America's prison systems have been using convict labor for a long time, but recent, supposedly more enlightened times were supposed to have given them better working conditions, better pay and a choice of jobs.
Not any more, apparently. The group known as ALEC, the American Legislative Exchange Council, has changed all that.
At the Union Correctional Facility, a maximum security prison in Florida, inmates from a nearby lower-security prison manufacture tons of processed beef, chicken and pork for Prison Rehabilitative Industries and Diversified Enterprises (PRIDE), a privately held non-profit corporation that operates the state’s forty-one work programs. In addition to processed food, PRIDE’s website reveals an array of products for sale through contracts with private companies, from eyeglasses to office furniture, to be shipped from a distribution center in Florida to businesses across the US. PRIDE boasts that its work programs are “designed to provide vocational training, to improve prison security, to reduce the cost of state government, and to promote the rehabilitation of the state inmates.”Yes, for twenty cents an hour! Twenty cents an hour! Less than a quarter an hour, less than $2 a day.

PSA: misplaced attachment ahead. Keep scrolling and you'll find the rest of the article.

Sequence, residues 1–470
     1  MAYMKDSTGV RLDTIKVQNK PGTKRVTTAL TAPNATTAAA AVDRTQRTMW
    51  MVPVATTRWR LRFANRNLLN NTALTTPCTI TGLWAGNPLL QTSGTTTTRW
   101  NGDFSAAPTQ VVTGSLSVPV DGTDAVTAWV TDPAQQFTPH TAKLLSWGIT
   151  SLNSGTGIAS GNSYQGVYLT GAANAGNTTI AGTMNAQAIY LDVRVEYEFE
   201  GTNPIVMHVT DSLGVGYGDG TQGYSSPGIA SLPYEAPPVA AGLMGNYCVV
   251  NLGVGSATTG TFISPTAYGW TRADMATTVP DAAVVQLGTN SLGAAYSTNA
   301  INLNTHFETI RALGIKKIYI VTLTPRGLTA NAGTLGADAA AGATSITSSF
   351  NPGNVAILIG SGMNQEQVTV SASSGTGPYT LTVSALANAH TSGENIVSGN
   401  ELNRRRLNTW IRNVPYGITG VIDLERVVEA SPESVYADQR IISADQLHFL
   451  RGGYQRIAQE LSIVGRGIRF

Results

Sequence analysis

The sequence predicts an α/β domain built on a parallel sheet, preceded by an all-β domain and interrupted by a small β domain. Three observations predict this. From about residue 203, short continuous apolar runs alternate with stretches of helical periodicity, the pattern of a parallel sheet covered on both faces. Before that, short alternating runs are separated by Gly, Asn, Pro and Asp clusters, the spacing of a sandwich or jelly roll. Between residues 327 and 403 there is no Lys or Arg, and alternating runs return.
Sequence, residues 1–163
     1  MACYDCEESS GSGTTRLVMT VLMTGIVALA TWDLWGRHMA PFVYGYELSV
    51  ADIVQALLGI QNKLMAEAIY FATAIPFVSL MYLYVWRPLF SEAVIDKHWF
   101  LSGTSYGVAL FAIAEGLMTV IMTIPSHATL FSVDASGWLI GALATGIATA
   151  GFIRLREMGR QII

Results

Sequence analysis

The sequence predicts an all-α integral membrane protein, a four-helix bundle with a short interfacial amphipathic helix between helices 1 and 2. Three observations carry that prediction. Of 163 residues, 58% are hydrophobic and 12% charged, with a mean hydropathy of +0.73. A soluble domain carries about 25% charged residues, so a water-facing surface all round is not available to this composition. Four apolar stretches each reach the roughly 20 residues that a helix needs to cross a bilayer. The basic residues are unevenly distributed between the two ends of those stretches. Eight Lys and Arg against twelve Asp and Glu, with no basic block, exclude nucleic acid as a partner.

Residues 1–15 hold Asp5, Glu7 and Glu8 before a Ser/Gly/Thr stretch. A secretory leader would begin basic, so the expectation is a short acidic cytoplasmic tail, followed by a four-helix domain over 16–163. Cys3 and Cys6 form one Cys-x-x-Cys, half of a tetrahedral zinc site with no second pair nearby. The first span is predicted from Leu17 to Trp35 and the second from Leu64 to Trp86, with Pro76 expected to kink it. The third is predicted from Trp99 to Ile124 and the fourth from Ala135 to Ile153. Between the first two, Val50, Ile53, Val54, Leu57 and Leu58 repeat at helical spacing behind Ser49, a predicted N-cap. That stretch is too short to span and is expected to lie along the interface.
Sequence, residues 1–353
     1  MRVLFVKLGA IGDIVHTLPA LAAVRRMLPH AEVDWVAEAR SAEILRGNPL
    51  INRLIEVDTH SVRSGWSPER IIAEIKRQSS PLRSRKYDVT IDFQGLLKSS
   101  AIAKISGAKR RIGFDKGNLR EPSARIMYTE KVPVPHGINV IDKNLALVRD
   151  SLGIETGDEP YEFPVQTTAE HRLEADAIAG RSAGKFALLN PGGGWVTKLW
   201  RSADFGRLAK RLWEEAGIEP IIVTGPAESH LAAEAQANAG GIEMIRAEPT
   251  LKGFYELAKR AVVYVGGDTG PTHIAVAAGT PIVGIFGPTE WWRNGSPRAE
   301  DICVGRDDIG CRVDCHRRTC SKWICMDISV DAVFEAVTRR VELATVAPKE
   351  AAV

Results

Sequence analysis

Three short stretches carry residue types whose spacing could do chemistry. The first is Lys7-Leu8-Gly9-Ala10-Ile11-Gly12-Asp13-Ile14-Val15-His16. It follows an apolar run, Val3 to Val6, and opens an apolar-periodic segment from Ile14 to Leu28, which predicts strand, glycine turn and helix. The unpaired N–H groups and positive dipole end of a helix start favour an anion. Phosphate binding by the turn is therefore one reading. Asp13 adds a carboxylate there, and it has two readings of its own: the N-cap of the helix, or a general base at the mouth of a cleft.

In the United States of America. Forced labor. This amounts to little less than slave labor.
This is detailed in an article in The Nation, published as far back as August 1, 2011. And the problem is getting bigger with every new inmate!
I think we need to rethink the US' record on human rights.